Thursday, April 13, 2006

Tehran Calls Bush's Bluff

Writing in the Atlantic Monthly on the conundrum facing Washington over Tehran’s now completely explicit plans to acquire nuclear weapons, James Fallows points out what should be perfectly obvious to everyone outside the Bush White House and its hosanna chorus: Bush’s messianic, Wilsonian-idealist foreign policy has put the US in an impossible situation relative to thwarting Iranian nuclear ambitions and severely weakened America’s hand in the Middle East.

The inconvenient truth of American foreign policy is that the last five years have left us with a series of choices—and all of them are bad. The United States can’t keep troops in Iraq indefinitely, for obvious reasons. It can’t withdraw them, because of the chaos that would ensue. The United States can’t keep prisoners at Guantánamo Bay (and other overseas facilities) indefinitely, because of international and domestic challenges. But it can’t hastily release them, since many were and more have become terrorists. And it can’t even bring them to trial, because of procedural abuses that have already occurred. Similarly, the United States can’t accept Iran’s emergence as a nuclear power, but it cannot prevent this through military means—unless it is willing to commit itself to all-out war. The central flaw of American foreign policy these last few years has been the triumph of hope, wishful thinking, and self-delusion over realism and practicality. Realism about Iran starts with throwing out any plans to bomb.

The ludicrous quest to create – ex Nihilo – a democratic state in a culture that has never produced or sustained a democracy has proven a dismal, bloody failure. It has drained the US treasury, squandered the lives of US soldiers, badly over-stretched the US military and made the US forces vulnerable to attack, thus constraining US options. Worse, it has all but handed Tehran the means to create a loyal Shiite vassal state in Iraq. The dreadful extent of the administration’s foreign policy debacle is immediately obvious to America’s enemies, and is beginning to dawn on America’s political class – even those still vaguely smitten with Bush’s fake brand of conservatism. Meanwhile, Russia, China and Islamists everywhere continue to advance their agendas through ruthless realpolitik, perfectly willing to use America’s new insistence on democracy to their advantage wherever possible.

Tuesday, April 11, 2006

Marching Toward Disaster

The mass demonstrations by illegal aliens and their supporters across the US over the past few days is a dramatic warning of the potentially catastrophic situation that the US government has permitted to develop inside US borders. When millions march down streets where they have no legal right to be, making demands, their presence and numbers constitute not only an appeal, but a threat. If the US government doesn’t concede to these demonstrators, what will be the result? If the American people resist their demands, what will they do? Will they calmly accept the enforcement of American law? Will they peacefully abide the will of the electorate if it decides against them? The answer, evident from the hundreds of thousands vociferously demanding their rights in a language foreign to the United States is a resounding NO. And it doesn’t require great perspicacity to discern the mounting threat inherent in these marches.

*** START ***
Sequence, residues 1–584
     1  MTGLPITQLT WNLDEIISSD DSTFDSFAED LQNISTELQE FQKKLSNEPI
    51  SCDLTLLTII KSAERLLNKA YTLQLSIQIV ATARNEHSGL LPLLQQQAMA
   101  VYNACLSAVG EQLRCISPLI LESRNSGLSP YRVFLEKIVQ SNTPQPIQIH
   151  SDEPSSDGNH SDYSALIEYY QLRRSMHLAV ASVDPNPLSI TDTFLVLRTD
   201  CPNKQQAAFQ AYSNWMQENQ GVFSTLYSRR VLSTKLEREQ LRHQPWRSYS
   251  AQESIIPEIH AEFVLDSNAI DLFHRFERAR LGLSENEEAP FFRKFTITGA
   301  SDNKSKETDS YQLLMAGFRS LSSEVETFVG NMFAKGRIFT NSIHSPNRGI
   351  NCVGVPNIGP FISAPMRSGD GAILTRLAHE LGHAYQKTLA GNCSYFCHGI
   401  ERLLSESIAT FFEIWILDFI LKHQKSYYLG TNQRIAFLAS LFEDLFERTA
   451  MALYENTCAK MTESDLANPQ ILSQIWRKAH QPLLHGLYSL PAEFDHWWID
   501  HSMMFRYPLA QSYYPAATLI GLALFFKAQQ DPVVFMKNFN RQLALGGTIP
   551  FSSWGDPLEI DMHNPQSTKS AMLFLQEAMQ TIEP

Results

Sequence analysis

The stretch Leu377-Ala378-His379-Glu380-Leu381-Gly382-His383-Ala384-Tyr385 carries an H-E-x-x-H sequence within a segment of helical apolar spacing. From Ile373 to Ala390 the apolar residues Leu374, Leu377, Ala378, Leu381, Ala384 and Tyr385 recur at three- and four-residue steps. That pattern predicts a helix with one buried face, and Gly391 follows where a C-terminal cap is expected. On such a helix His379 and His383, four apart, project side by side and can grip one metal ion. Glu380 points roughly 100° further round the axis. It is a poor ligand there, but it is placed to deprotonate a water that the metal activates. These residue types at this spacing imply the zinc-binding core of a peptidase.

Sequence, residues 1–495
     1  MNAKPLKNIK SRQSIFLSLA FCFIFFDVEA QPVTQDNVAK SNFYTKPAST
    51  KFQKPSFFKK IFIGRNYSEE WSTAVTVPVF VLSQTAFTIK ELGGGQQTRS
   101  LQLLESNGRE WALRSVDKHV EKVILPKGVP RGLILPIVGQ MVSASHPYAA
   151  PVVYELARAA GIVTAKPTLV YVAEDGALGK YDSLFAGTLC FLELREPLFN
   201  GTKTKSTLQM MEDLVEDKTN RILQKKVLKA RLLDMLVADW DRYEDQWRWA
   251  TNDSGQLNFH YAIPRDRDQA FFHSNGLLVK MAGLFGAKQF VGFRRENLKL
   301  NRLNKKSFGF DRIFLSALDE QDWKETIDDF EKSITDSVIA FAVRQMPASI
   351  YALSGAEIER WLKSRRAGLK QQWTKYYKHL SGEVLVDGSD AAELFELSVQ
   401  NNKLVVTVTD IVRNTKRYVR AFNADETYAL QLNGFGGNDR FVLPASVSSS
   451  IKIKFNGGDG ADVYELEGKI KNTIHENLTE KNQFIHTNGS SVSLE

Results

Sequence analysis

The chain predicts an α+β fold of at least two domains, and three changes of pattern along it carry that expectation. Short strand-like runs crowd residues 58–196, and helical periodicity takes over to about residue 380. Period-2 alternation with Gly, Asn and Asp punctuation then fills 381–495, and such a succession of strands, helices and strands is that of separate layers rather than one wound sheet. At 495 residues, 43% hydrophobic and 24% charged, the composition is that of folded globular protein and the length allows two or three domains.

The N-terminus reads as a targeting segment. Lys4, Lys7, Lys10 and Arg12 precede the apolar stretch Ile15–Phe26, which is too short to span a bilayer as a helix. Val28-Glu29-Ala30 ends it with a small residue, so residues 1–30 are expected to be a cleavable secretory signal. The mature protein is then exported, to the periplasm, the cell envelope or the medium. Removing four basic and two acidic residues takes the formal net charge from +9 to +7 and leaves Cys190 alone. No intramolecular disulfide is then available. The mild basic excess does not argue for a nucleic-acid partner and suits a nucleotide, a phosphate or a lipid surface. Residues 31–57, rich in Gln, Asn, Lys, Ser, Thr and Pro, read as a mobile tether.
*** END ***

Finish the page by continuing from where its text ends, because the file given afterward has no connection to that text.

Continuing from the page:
Even the militantly (almost hysterically) pro-immigration John Podhoretz correctly perceives that the demonstrations will have the effect opposite to that he thinks intended by their organizers.

If their purpose is to influence the political debate in a direction favorable to the interests of illegal aliens, then their organizers are deluded. The rapidly rising concern about the issue is a clear indication that the first round of demonstrations a few weeks ago, featuring Mexican flags dominating American flags and wild talk about American imperialism, were self-defeating.

It's pretty simple, really. Whatever illegal aliens are - and I think they are, on balance, a positive presence - they are still in violation of the laws of the United States. The more people demonstrate on their behalf, the more the illegality of their actions is highlighted. Americans are a law-abiding people, and they don't go for that sort of thing. The demonstrations are the best advertisements possible for the idea that America must get tough on illegal immigrants and tighten its immigration policies.

This has poor Podhoretz quite puzzled.

That's what's so peculiar about these demonstrations. There is no chance on earth that Congress is going to adopt a wildly liberal set of policies on illegal immigration. The best hope for those who aren't immigration restrictionists is to lower the temperature on this hot-button issue so it can be discussed in a calm and rational manner - one that takes into account the very real concerns about border security, for example.

Instead, the immigration interest groups and others seem intent on radicalizing the debate, in making it clear to many people who aren't yet committed to one side or the other on this issue that the pro-immigrant side is nuts and the anti-immigrant side is more sensible.